74 Glen Eira Road, Ripponlea, 03 9530 0111, attica.com.au
Full of beans. Photo: Simon Schluter
Bag of Beans at Miznon
Middle Eastern cuisines have always vigorously embraced vegetables, which is why green-fiends are so often found in establishments heaving with hummus. I think about this dish at least once a day, and have finally cracked the code of blanched green and gold beans seasoned with lemon juice, zest, garlic and Mount Zero olive oil, BUT their seven-bean blend (featuring snake beans, butter beans and snow peas with tendrils!) and pita party vibe keeps me descending into Miznon's depths.
59 Hardware Lane, Melbourne, 03 9670 2861, miznonaustralia.com
Chickpea Pancake at Embla
It's a good thing Embla's opening hours are so, well, open, because this is my pick for "where to go when you don't know where to go, or what to order when you get there". Verheul lets his chickpea pancake batter bubble away overnight and hits it with searing wood-fire temperatures. A flapjack of fluffiness, topped with slivers of nutty raw Jerusalem artichoke and a generous smattering of dressed parsley, that, rather than being a whispy afterthought, adds texture and freshness to an already knockout dish. The kicker? A snowfall of shaved comte to finish.
122 Russell Street, Melbourne, 03 9654 5923, embla.com.au
Roasted radicchio at Ombra
Trust an Italian to know his way around a head of radicchio. Grossi's unapologetically bitter whole-roasted rendition gets the meat-treatment too, seared in a pan on high, then splashed with his own Arbequina-Leccino olive oil, before being whacked in the oven like a rib-eye. Though usually twisted out of the picture, it's the softened stem that I most enjoy getting stuck into, generously adorned with chunky golden breadcrumbs, ribbons of parmesan and fresh parsley. Buonissimo!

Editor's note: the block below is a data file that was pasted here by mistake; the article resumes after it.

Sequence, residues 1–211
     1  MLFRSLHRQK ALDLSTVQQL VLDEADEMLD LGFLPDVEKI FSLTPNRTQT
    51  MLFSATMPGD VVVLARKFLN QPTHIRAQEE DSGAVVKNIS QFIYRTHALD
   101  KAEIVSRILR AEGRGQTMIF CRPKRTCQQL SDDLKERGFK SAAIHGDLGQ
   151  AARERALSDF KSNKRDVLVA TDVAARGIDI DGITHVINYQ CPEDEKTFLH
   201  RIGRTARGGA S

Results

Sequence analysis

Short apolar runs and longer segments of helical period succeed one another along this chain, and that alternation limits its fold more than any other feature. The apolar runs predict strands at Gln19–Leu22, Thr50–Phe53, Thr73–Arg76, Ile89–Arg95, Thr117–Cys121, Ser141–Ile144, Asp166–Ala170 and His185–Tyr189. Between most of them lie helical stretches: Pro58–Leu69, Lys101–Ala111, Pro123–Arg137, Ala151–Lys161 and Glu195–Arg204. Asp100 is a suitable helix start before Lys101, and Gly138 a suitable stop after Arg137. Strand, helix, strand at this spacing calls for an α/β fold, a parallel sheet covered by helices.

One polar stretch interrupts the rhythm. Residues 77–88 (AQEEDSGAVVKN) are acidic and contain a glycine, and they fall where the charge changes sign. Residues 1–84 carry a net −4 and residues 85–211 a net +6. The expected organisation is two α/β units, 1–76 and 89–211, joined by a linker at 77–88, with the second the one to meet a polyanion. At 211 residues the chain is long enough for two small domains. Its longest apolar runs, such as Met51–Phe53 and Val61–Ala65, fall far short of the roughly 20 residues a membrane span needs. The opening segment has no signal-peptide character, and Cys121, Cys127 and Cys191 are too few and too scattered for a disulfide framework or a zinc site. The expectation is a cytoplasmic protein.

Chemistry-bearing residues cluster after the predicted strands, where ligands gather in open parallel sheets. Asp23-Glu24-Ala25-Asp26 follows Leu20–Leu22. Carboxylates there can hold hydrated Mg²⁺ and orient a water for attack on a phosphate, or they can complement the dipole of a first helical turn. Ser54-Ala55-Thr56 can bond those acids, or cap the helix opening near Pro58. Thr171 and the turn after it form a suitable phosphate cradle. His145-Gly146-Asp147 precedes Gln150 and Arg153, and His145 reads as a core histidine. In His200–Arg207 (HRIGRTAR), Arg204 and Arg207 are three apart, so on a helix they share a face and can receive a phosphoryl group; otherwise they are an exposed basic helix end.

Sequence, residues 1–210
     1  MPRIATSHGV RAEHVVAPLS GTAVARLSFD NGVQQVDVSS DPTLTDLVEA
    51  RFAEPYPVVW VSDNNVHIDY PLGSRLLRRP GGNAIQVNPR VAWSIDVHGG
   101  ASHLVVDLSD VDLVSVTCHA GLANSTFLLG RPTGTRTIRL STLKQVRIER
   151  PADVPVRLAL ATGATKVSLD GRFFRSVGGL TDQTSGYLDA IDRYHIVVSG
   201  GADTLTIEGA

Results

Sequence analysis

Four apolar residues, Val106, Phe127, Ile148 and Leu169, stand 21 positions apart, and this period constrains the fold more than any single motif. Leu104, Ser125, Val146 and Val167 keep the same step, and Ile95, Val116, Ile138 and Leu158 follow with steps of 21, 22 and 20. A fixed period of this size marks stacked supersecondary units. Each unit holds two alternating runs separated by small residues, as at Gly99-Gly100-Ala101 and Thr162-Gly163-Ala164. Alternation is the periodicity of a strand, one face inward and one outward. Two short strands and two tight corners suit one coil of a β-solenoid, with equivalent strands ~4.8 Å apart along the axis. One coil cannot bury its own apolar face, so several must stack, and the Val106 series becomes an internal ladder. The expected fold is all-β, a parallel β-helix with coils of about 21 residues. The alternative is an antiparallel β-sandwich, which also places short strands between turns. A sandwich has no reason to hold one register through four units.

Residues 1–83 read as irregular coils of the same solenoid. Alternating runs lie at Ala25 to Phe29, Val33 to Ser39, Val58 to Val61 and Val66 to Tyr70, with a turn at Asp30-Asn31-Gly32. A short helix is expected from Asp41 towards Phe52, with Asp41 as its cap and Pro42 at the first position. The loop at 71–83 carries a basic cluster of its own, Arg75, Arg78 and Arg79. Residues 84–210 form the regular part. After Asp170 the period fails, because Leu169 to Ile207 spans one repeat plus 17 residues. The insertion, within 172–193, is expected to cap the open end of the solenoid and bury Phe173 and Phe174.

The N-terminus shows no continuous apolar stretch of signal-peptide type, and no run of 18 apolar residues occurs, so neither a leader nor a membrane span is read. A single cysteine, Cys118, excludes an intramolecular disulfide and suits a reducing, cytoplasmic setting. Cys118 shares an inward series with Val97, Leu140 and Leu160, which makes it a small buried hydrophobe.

76 Bourke Street, Melbourne, 03 9639 1927, ombrabar.com.au
Cauliflower power: Messer's wood-roasted baby caulis. Photo: Linsey Rendell
Wood-roasted cauliflower at Messer Fitzroy
This is my choice of cauliflower dish in Melbourne right now. Baby caulis from a specialty grower in Werribee (I'm picturing someone in an akubra singing sweet lullabies between rows) brushed with St David butter and cooked in a Green Egg until smoky and forking soft. A puree of cauliflower is kept sweet and light by chopping florets extra small and cooking them in nothing but butter until whizz-able. Finished with a lemony cauliflower cous cous, this dish is cauliflower cubed. My kinda maths.
Shop 1, 166 Gertrude Street, Fitzroy, 03 9419 0035, messerfitzroy.com
Potato, chocolate, coffee, orange at Oakridge
Although the accoutrements adapt with the seasons (as per everything on Stone and Barrett's kitchen garden-driven menu), "there will always be a potato skin dessert," says Barrett. That's because there'll always be plenty of skins to steep, thanks to the hand-cut chips that never leave the menu (lest the locals revolt). "I used to look at all the peels that ended up in compost, and one day thought I'd give them a go in a dessert," Barrett adds casually. The rest, well, you know. The right-now rendition – chocolate crumb, fresh-churned latte ice-cream, orange marmalade – is best summed up by the great wordsmith, Christina Aguilera: Mocha chocolata, ya ya. Creole Lady Marmalade.
864 Maroondah Highway, Coldstream, 03 9738 9900, oakridgewines.com.au
Alice Zaslavsky co-hosts a monthly Vegetable Segment on ABC Radio Melbourne. Her digital food education program for schools launches later this month.